Bill Would Require Independent Study of X-Ray Body Scanners
Sen. Susan Collins, the top Republican on the Homeland Security Committee, plans to introduce a bill in the coming days that would require a new health study of the X-ray body scanners used to screen airline passengers nationwide.
The Transportation Security Administration began using the machines for routine screening in 2009 and sped up deployment after the so-called underwear bomber tried to blow up a plane on Christmas Day of that year.
But the X-ray scanners have caused concerns because they emit low levels of ionizing radiation, a form of energy that has been shown to damage DNA and mutate genes, potentially leading to cancer. ProPublica and PBS NewsHour reported in November that the TSA had glossed over cancer concerns. Studies suggested that six or 100 airline passengers each year could develop cancer from the machines.
Shortly after our report, the European Union separately announced that it would prohibit X-ray body scanners at its airports for the time being "in order not to risk jeopardizing citizens' health and safety."
The new bill drafted by Collins would require the TSA to choose an independent laboratory to measure the radiation emitted by a scanner currently in use at an airport checkpoint. The peer-reviewed study, to be submitted to Congress, would also evaluate the safety mechanisms on the machine and determine whether there are any biological signs of cellular damage caused by the scans.
In addition, the bill would require the TSA to place prominent signs at the start of checkpoint lines informing travelers that they can request a physical pat-down instead of going through the scanner. Right now, the TSA has signs in front of the machines noting that passengers can opt out. But the signs mostly highlight the images created rather than possible health risks.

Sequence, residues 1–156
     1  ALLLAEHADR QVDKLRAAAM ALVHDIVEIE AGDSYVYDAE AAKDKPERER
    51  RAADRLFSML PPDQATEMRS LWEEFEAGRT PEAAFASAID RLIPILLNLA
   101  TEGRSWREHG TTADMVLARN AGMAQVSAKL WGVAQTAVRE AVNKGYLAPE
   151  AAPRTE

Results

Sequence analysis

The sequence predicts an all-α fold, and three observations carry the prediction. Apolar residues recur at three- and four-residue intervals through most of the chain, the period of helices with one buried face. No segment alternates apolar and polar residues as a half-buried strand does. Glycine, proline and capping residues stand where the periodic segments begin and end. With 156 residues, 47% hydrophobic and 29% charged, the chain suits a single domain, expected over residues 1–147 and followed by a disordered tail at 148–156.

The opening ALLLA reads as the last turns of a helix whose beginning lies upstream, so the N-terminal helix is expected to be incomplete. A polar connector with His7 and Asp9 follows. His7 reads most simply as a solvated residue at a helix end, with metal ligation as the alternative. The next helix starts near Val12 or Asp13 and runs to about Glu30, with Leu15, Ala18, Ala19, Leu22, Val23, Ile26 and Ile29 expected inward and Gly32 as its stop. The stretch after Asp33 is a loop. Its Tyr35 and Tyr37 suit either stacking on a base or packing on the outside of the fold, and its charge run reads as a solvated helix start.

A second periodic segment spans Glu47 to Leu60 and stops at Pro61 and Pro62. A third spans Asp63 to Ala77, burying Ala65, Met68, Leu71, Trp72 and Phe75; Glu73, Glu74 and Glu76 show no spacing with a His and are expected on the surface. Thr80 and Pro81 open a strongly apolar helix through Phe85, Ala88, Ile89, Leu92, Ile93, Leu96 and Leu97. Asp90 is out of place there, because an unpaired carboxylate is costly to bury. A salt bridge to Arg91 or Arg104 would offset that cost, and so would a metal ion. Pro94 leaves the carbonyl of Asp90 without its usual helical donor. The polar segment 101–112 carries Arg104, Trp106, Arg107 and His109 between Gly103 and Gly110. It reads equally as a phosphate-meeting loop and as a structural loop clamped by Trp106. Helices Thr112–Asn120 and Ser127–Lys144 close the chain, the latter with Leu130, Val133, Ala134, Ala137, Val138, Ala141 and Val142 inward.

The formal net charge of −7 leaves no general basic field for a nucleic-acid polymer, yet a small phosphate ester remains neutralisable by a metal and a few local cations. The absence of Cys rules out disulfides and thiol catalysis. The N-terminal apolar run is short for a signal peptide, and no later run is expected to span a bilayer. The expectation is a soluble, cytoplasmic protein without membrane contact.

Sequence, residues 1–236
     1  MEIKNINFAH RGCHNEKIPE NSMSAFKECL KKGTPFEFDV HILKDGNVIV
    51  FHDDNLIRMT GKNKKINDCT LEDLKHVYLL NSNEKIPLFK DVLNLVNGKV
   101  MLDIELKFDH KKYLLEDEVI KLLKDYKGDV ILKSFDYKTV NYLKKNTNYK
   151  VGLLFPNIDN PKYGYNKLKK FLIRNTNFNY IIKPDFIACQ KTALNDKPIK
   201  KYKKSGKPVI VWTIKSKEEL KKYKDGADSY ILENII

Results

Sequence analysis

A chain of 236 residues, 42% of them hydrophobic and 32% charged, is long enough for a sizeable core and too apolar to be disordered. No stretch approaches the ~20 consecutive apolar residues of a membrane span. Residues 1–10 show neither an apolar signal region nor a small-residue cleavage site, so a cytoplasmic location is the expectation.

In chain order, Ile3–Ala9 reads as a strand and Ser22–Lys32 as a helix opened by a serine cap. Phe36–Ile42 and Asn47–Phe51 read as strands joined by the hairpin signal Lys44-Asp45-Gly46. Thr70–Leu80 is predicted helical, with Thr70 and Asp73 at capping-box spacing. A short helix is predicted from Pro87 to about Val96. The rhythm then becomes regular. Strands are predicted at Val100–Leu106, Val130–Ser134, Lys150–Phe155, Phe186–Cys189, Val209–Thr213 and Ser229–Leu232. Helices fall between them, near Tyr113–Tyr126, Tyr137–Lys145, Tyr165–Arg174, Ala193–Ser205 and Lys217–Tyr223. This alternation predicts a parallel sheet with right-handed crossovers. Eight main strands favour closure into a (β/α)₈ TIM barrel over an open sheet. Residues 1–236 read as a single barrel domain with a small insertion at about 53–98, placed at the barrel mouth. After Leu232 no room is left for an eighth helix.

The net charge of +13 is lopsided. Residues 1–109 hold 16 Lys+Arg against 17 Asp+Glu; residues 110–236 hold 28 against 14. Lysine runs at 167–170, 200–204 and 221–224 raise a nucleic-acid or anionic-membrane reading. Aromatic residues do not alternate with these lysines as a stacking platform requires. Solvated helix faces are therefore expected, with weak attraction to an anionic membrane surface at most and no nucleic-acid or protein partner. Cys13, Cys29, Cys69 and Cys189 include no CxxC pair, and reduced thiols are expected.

The bill is the latest volley in a back-and-forth between Collins and the TSA. At a hearing in November, TSA administrator John Pistole agreed to a request from Sen. Collins to conduct a new independent health study.
But a week later at another hearing, Pistole backed off the commitment citing a yet-to-be-released report on the machines by the Department of Homeland Security's Inspector General.
"I have urged TSA to move toward only radiation-free screening technology," Collins said in a statement to ProPublica. "In the meantime, an independent study is needed to protect the public and to determine what technology is worthy of taxpayer dollars."
The TSA uses two types of body scanners to screen passengers for explosives. The X-ray machines, known as backscatters, look like two refrigerator-size blue boxes and are used at Los Angeles, Chicago O'Hare, New York's John F. Kennedy, and elsewhere. The other machine, which looks like a round glass booth, uses electromagnetic waves that have not been linked to any adverse health effects. Those machines are used at airports in Dallas and Atlanta, among others.
Photo: Screenshot of an explainer video from the TSA
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